Reclaiming the word “feminism”!

A UN initiative, the HeForShe campaign, seeks solidarity with men around the world to end gender inequality. Check it out on YouTube here.
And enjoy the UN speech by Emma Watson here.

Yes, it is Harry Potter’s Emma Watson who takes the long-needed step of reclaiming the power of the word “feminism” and declaring unequivocally that feminism wants women and men to thrive.

Start-ups by women

Here in Palo Alto, in the heart of Silicon Valley, everyone loves a startup. It conjures up visions of dedicated, if not fanatical, clusters of men working all hours to create the next big thing. And along the way, all becoming billionaires.

There are many things wrong with that stereotype, as there are with all stereotypes. The one that interests me the most is the assumption that the founders are men. The Kauffman Foundation has declared this to be the Decade of the Woman Entrepreneur. Bloggers talk about a surge in female startups. Why and why now?

The most often cited explanation is the “pipeline.”

At the start of the decade women represented more than 70 percent of the year’s Valedictorians. In undergraduate and graduate education, they now outnumber men nearly three to two. More than half of the nation’s Ph.D.s are awarded to women.

But what is wrong with this explanation?

It is the underlying assumption that women, through their education, have now proved themself capable of founding companies. That the female Valedictorians and the Ph.D.s of the country are ready to join the elite ranks of the Entrepreneur.

But no-one ever thought men had to be academic stars to found companies, garner funding, and achieve wealth and power. And what founder ever said, finally I have enough education to start a company. On the contrary, we celebrate the “dropouts” who start the FaceBooks and Googles of the world. See this article for interesting reading on dropout billionaires – all men.

Read any of the thousands of articles that tell you what makes a successful entrepreneur. No-one mentions education or any particular achievement as a prerequisite. Read these delightful musings of founders on what makes a startup a startup and you catch a glimpse of useful traits and attitudes, not qualifications and certificates.

So why does the pipeline argument seem so appropriate to so many people, women and men alike?

I say it has something to do with another now well-established gender-based fact. Both men and women undervalue and underestimate women. The latest proof of this deplorable fact is the research by two women showing that in a mixed-gender setting, women underestimate their own contributions  (July 2013).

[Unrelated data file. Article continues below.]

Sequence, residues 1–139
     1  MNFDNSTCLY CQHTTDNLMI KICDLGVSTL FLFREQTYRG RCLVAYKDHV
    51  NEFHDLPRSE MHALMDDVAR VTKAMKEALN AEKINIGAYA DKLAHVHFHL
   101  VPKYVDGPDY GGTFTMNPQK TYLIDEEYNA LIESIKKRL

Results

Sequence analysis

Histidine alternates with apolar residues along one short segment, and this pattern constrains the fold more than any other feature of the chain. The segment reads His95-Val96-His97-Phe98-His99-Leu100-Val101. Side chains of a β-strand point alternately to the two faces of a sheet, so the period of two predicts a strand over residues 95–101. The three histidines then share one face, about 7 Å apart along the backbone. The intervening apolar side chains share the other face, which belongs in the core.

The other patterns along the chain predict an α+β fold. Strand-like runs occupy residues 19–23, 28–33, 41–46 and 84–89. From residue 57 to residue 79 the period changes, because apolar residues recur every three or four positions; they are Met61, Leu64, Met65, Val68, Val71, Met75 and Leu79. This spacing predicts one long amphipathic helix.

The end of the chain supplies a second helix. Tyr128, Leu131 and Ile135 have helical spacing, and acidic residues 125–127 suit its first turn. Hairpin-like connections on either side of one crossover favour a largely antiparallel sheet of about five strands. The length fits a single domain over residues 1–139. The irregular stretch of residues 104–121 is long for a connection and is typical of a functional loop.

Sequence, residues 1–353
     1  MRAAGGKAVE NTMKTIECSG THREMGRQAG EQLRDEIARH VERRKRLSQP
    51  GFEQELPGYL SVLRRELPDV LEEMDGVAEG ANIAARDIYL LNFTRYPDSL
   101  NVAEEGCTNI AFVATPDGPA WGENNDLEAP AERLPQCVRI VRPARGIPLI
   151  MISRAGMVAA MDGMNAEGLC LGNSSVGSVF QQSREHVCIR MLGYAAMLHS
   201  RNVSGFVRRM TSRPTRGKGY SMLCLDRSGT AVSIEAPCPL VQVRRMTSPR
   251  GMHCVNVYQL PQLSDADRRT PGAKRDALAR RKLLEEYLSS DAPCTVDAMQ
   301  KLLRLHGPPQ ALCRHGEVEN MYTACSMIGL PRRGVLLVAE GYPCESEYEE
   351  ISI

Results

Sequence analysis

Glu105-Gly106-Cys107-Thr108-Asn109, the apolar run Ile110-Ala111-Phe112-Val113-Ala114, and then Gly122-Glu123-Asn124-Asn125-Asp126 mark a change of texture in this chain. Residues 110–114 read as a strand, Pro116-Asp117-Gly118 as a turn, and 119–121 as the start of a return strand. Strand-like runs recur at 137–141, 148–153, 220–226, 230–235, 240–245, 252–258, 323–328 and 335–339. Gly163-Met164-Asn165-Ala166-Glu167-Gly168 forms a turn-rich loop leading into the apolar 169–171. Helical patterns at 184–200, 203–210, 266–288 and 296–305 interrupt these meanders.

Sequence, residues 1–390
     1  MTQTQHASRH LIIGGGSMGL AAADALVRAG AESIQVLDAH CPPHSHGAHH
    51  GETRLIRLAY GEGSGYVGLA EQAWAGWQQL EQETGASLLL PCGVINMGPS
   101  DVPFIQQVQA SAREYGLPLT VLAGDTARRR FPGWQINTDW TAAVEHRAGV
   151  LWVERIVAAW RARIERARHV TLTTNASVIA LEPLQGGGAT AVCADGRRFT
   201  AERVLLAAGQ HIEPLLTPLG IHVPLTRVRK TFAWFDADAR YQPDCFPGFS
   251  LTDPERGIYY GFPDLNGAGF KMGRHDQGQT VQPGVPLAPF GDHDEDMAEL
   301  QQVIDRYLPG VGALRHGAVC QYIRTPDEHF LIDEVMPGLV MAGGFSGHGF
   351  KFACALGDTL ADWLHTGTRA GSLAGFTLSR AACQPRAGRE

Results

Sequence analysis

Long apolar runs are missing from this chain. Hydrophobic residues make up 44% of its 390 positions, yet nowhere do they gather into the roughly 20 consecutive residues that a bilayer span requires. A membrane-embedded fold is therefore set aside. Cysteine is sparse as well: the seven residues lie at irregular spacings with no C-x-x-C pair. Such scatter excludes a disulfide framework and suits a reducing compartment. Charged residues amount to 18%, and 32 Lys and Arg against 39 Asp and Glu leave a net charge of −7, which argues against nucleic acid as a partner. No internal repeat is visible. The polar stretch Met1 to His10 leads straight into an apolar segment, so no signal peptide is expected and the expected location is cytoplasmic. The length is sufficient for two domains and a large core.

A woman often feels an obligation to be better prepared, better educated, better equipped all round than a man, any man, to take on a challenge.

I met a woman once who founded a successful company that provided a host of services for Silicon Valley hires from outside the USA. The company taught English as a Second Language, accent modification, social integration workshops, and did translations. I discovered she had no university degree and I was impressed that she did not expect herself to be an expert in language, rather knowing how to hire the right people. But it turned out she was mortified by her lack of credentials and afraid someone would “find her out.” Even with success, she was hard on herself for her perceived inadequacy.

As I have pointed out in another context, women are not stupid or weak. We did not conjure these stringent expectations out of thin air. By and large we have them because we encounter them repeatedly in a business and academic culture still dominated by men.

So what is the point I actually want to make? It is this. Women are founding startups not because the time is right with enough of us well educated enough to take on the challenge of a startup. It is also not because we (men and women alike) have learned how to judge the expertise and contributions of men and women evenhandedly. It is also not because some critial mass has been achieved that makes the startup culture welcoming to women; the numbers are appallingly low.

What I have noticed this past decade is the emergence of young women who refuse to define themselves by what they don’t know and don’t have. No programming experience? So what. I will teach myself. Limited financial resources? So what. I will bootstrap the operation, no matter how small I have to start.

There will be no shortage of critics pointing out what a woman doesn’t have. And the critics sadly might be the same people – family members, friends, even mentors – who are her biggest supporters. But she is learning to trust her own optimism and confidence and have her self-image be the one that defines who she is to all around.